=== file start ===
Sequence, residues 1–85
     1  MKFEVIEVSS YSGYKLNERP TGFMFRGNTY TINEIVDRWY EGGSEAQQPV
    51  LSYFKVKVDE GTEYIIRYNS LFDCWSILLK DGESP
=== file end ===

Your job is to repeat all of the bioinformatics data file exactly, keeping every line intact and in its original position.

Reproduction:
Sequence, residues 1–85
     1  MKFEVIEVSS YSGYKLNERP TGFMFRGNTY TINEIVDRWY EGGSEAQQPV
    51  LSYFKVKVDE GTEYIIRYNS LFDCWSILLK DGESP